Skybus: The Sequel
Introducing JetAmerica, a new budget airline start-up aiming to fly between Newark and destinations in the Midwest and South. But wait, the $9 fares Jet America is shamelessly hawking sound a little too familiar. Hmmm. . . .
Remember Skybus? It was that Columbus, Ohio-based budget airline which used the same gimmick (except it was $10 fares) to grab free publicity, only to shut down in 2008, less than a year after its debut. Skybus was started by John Weikle, the same entrepreneur behind JetAmerica. Poor John. He apparently suffers from a strange compulsion to pilot an airline despite what he obviously knows firsthand: that the odds of succeeding are almost nil.
Or perhaps he has learned something from the Skybus debacle because JetAmerica--if nothing else--is starting out modestly, with one leased 737 that will fly from Toledo, Ohio, to Newark when it launches on July 13. Other cities to get service this year are Lansing, Michigan; South Bend, Indiana; and Melbourne, Florida. The cities are reportedly subsidizing some of JetAmerica's costs to lure flights to their airports--smaller depots like these have suffered disproportionately from the big airlines' cutbacks in the past year.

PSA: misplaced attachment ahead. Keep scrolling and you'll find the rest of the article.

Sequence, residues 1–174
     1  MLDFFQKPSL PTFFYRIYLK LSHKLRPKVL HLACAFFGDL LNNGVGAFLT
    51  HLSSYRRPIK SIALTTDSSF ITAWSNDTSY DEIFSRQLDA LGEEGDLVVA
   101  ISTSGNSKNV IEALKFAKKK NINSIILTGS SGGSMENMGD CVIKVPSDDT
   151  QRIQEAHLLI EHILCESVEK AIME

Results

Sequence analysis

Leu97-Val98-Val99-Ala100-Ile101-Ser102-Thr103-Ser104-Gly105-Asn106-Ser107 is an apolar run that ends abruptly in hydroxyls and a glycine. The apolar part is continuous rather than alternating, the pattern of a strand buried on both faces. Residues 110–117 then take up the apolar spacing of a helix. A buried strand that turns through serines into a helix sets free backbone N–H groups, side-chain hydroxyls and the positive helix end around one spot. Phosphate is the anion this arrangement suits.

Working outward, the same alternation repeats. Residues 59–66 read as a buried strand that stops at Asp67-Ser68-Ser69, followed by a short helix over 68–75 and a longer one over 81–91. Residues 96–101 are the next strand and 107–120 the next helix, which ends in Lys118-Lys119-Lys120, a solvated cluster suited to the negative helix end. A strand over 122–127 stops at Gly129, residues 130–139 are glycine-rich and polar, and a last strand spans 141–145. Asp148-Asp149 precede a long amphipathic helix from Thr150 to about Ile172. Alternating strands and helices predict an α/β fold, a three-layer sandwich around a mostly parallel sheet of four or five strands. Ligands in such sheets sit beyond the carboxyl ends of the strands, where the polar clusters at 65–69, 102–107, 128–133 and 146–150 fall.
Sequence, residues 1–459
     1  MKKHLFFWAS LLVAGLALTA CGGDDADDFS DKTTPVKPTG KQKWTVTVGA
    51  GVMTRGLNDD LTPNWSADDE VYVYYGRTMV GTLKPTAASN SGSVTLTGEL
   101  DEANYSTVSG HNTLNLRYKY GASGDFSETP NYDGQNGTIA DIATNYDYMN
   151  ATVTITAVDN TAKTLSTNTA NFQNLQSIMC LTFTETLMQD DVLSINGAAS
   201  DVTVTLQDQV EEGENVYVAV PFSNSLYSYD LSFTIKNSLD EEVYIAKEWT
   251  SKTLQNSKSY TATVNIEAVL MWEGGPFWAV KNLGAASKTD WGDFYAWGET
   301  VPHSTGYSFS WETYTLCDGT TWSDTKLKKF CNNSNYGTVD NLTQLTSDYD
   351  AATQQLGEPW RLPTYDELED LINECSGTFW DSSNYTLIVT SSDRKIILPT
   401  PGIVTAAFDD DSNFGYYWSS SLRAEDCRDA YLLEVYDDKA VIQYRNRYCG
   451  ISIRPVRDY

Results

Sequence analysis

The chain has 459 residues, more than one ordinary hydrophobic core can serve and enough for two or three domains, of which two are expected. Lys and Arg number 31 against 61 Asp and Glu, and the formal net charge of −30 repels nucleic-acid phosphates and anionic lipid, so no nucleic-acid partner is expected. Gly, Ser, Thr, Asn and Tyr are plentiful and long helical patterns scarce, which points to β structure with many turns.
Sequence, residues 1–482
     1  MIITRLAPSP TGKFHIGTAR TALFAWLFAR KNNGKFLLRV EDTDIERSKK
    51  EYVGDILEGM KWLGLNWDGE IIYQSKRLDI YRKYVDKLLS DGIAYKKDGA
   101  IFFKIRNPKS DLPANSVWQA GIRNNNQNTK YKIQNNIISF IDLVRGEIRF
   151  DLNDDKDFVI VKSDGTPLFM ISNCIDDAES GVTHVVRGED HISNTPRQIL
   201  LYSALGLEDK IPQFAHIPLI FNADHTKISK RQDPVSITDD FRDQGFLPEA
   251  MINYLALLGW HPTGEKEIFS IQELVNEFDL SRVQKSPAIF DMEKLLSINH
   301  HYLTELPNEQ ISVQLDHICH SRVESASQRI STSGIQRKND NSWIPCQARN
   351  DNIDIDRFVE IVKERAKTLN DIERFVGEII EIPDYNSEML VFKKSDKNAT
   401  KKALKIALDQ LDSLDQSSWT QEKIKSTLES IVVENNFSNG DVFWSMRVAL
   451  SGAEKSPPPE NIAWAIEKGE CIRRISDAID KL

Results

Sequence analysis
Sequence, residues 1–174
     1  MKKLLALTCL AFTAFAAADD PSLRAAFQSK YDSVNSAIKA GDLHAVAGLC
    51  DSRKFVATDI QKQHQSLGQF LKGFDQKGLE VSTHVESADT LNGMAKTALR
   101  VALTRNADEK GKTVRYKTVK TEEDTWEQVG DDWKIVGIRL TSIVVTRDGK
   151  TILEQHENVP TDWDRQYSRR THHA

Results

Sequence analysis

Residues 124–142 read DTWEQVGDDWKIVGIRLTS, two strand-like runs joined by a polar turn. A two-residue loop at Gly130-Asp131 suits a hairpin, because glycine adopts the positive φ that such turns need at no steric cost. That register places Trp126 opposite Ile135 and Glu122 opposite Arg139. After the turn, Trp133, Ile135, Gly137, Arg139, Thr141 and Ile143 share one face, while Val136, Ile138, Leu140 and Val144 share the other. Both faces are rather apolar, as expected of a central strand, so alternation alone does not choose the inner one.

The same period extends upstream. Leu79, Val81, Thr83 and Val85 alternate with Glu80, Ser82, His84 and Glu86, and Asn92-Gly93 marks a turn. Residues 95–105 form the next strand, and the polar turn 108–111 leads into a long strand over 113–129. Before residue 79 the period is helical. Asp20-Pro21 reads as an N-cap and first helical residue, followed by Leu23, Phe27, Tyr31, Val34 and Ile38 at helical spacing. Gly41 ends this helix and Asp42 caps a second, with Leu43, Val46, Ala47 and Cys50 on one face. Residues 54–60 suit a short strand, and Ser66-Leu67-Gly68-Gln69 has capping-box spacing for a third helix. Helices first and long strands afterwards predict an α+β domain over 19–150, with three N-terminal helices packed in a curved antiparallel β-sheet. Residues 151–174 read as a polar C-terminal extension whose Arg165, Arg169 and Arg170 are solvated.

The $9 fares will be good for the first 9 to 19 seats on the plane, which can hold more than 150 depending on the configuration. I checked a few fares for future flights, and they were more in the $59 and $79 range, sans fees. With fees, the total tab for a trip from Newark to Florida was in the $189 range, not bad but not amazing, either.
The original Skybus barely lasted a year. Officially, soaring fuel prices were to blame. But how about a dubious business model? Yes, Ryanair has succeeded along these lines in Europe by stripping down the airline experience to the basics--you get a seat--and then layering on the charges. Recently the European carrier has raked in the free publicity by threatening to make its passengers pay to pee.
Ryanair also flies to unsung airports that are conveniently near major cities. But that doesn't necessarily transplant to the United States. JetAmerica's proposed routes aren't likely to generate a huge demand.
And Skybus, you may also recall, also got dinged for its lack of customer service. Judging from its Web site, jetamerica.com, customer service isn't in the plan--there's no phone number or information on where to reach the company. A small disclaimer tells the story: The airline is actually a charter line operating under the aegis of Miami Air International.
When doing business with start-ups, keep in mind that more than 200 have gone out of business since the airlines were deregulated 30 years ago. Caveat emptor.